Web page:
Matilda is one of our regular book reviewers. Her most recent review (if you don’t count this one) was of The Princess and the Goblin. If YOU would like to send us a book review, check out our submission guidelines. Happy reading!

Posted in book reviews, Book reviews by kids, Book reviews by Matilda

Book review: The Princess and the Goblin

The Princess and the Goblin by George MacDonald, ill. Arthur Hughes, ISBN 9780141332482, Puffin Books (Penguin Group)

the princess and the goblin

REVIEWED BY MATILDA, 8, WA

Matilda borrowed this book from her local library.

A princess named Irene has a nurse who doesn’t let her go out after dark because she’s afraid the goblins will get Irene. Irene goes up a mysterious staircase and there is a woman at the top of the stair — her great-great grandma. But only Irene knows she’s there. This is an adventure story and it’s a bit like a fairytale with magic inside.

I loved this book because it got more exciting every night I read a chapter. I liked that Irene was 8 like me. There’s a picture at the start of most chapters and they made me think of the olden days.

It’s a very, very, very, very, very, very old story because it was first published in 1872. I’m looking forward to reading the next book in the series which is The Princess and Curdie.

I think 7 year olds to forever on would enjoy this book.

Matilda is one of our regular book reviewers. Her most recent review (if you don’t count this one) was of Annie’s Snails. If YOU would like to send us a book review, check out our submission guidelines. Happy reading!

Posted in book reviews, Book reviews by kids, Book reviews by Matilda

Book review: Anton Can Do Magic

Anton Can Do Magic by Ole Könnecke, ISBN 9781877467639, Gecko Press

Reviewed by Matilda, 7, WA

Anton Can Do Magic

Anton is a boy with a hat that he thinks helps him be magic. He tries to make things disappear. Whenever he does magic, he wiggles his hands and the hat falls over his eyes and he can’t see what’s happening, so he thinks he’s done something magic.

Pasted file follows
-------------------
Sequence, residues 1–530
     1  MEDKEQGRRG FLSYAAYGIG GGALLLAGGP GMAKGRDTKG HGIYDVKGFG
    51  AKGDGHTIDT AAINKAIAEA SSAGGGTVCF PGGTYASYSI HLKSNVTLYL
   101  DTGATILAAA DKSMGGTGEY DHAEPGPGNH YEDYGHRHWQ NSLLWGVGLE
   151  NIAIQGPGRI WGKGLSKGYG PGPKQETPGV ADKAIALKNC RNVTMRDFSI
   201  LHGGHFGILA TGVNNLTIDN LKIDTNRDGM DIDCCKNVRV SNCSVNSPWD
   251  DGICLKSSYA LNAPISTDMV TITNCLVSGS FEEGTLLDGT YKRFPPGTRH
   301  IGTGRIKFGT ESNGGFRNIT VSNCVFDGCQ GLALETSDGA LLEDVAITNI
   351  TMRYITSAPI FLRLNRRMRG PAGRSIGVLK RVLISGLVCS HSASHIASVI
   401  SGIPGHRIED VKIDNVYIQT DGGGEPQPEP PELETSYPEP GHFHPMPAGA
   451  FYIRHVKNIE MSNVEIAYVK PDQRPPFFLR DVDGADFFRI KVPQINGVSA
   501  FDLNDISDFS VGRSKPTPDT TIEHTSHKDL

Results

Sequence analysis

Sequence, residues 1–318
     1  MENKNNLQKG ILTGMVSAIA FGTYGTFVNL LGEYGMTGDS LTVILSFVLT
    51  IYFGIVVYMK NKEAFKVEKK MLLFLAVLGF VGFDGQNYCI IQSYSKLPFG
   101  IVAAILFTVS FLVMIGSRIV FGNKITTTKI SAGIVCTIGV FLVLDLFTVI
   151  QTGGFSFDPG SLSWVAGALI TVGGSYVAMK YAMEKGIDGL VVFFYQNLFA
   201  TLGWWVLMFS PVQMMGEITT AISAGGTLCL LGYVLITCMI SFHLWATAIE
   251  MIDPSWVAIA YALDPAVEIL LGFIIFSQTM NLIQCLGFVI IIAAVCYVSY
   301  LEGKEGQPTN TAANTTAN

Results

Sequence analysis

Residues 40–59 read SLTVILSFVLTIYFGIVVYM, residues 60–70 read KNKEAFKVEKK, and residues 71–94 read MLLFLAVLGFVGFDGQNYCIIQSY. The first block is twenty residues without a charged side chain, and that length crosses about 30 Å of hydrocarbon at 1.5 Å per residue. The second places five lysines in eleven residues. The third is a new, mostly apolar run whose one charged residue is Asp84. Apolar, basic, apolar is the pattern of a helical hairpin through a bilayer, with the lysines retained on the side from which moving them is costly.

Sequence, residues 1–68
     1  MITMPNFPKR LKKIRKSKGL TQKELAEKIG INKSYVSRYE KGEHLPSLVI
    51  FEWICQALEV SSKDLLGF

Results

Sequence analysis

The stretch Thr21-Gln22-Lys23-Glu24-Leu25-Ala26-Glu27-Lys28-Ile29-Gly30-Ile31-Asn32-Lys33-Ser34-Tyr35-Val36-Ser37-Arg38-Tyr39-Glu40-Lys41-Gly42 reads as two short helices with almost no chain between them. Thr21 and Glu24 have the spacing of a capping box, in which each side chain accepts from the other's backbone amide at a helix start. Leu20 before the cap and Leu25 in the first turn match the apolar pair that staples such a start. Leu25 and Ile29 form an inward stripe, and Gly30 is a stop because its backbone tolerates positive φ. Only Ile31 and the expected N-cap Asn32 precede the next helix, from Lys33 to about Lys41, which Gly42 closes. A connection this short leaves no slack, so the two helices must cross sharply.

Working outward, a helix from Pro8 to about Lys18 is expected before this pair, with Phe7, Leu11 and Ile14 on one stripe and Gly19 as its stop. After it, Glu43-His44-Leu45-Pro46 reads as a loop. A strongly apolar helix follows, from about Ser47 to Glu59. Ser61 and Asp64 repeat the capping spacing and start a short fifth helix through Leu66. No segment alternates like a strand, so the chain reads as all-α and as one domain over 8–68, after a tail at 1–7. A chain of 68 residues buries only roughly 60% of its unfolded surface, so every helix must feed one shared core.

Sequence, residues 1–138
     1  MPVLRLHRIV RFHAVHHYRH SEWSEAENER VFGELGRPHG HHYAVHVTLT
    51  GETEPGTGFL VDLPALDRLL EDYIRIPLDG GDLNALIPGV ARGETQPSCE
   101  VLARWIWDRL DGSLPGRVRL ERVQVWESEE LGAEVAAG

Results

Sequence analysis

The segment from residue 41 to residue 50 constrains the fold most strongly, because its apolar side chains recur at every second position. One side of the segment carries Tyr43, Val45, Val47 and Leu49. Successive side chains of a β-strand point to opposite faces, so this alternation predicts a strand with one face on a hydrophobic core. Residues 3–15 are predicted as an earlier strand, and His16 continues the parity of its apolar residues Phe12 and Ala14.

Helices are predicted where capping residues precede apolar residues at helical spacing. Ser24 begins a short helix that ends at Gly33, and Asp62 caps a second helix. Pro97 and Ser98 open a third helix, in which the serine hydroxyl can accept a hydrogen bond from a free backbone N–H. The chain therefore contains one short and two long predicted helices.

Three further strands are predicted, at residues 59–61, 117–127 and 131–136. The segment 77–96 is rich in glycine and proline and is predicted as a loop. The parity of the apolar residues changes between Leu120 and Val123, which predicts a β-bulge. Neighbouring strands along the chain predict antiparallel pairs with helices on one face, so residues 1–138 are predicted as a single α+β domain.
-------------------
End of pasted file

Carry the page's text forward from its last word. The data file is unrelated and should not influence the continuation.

Something interesting about the illustrations is that they use mostly hot colours like red, orange and yellow and reddy-orange. Only the bird is not orangey-red.

Can Anton really do magic? You will have to read this picture book to find out.

I would recommend this book to 5 to 8 year olds because it’s funny and it made me laugh.

Matilda is one of our regular Junior Book Reviewers. She previously reviewed: An Aussie Year. If YOU would like to send us a book review,check out our submission guidelines. Happy reading!

Posted in authors, Events, illustrator, teachers' resources, what we're reading

Happy Roald Dahl Day!

September 13th is Roald Dahl Day!

"Matilda by Roald Dahl"I loved reading his books when I was growing up, and I’m still reading them. Now my kids are reading them—my daughter really likes Matilda.

I can’t imagine Roald Dahl’s stories without Quentin Blake’s illustrations. (There should be a Quentin Blake Day, too. While we’re waiting for someone to organise that, you can check out Quentin Blake’s fantabulous website.)

Anyway, back to Roald Dahl. Here’s something you didn’t know about me. When I was about 11, I used to correct people who thought Roald Dahl’s name was RONALD Dahl. They never believed me. (I was quite bossy about it but they didn’t know anyone else called Roald, so they thought I had it wrong. Ha!)

"Revolting Rhymes cover"Then, when I was 15, I had to learn a poem off by heart to recite in front of the class. I was very slack and I didn’t think about the assignment again until three days before the recital. In a bit of a panic,  I borrowed Roald Dahl’s Revolting Rhymes from the library and I spent two nights frantically learning ‘Jack and the Beanstalk.’ It was fun and actually not too hard to memorise (even though it’s quite long) because of the rhymes and the way the story unfolds. And because, when you have someone listening to you reciting it (and they don’t have the book in front of them, so they can’t read ahead) you can’t wait to get to the funny bits!

I can’t remember what anyone else’s poems were about but I can still recite big chunks of Jack. If you haven’t read Revolting Rhymes yet, find a copy immediately. (If you can’t buy your own, ask for it at your school library or your local library.)

Visit the official Roald Dahl Day site for a free PDF with Roald Dahl Day activities. You could have a Roald Dahl Party to celebrate your favourite books any day, of course. It doesn’t have to be 13 September!

Here’s my favourite Roald Dahl Book. What’s yours?

"The BFG by Roald Dahl"

~ Rebecca Newman, Editor,  Alphabet Soup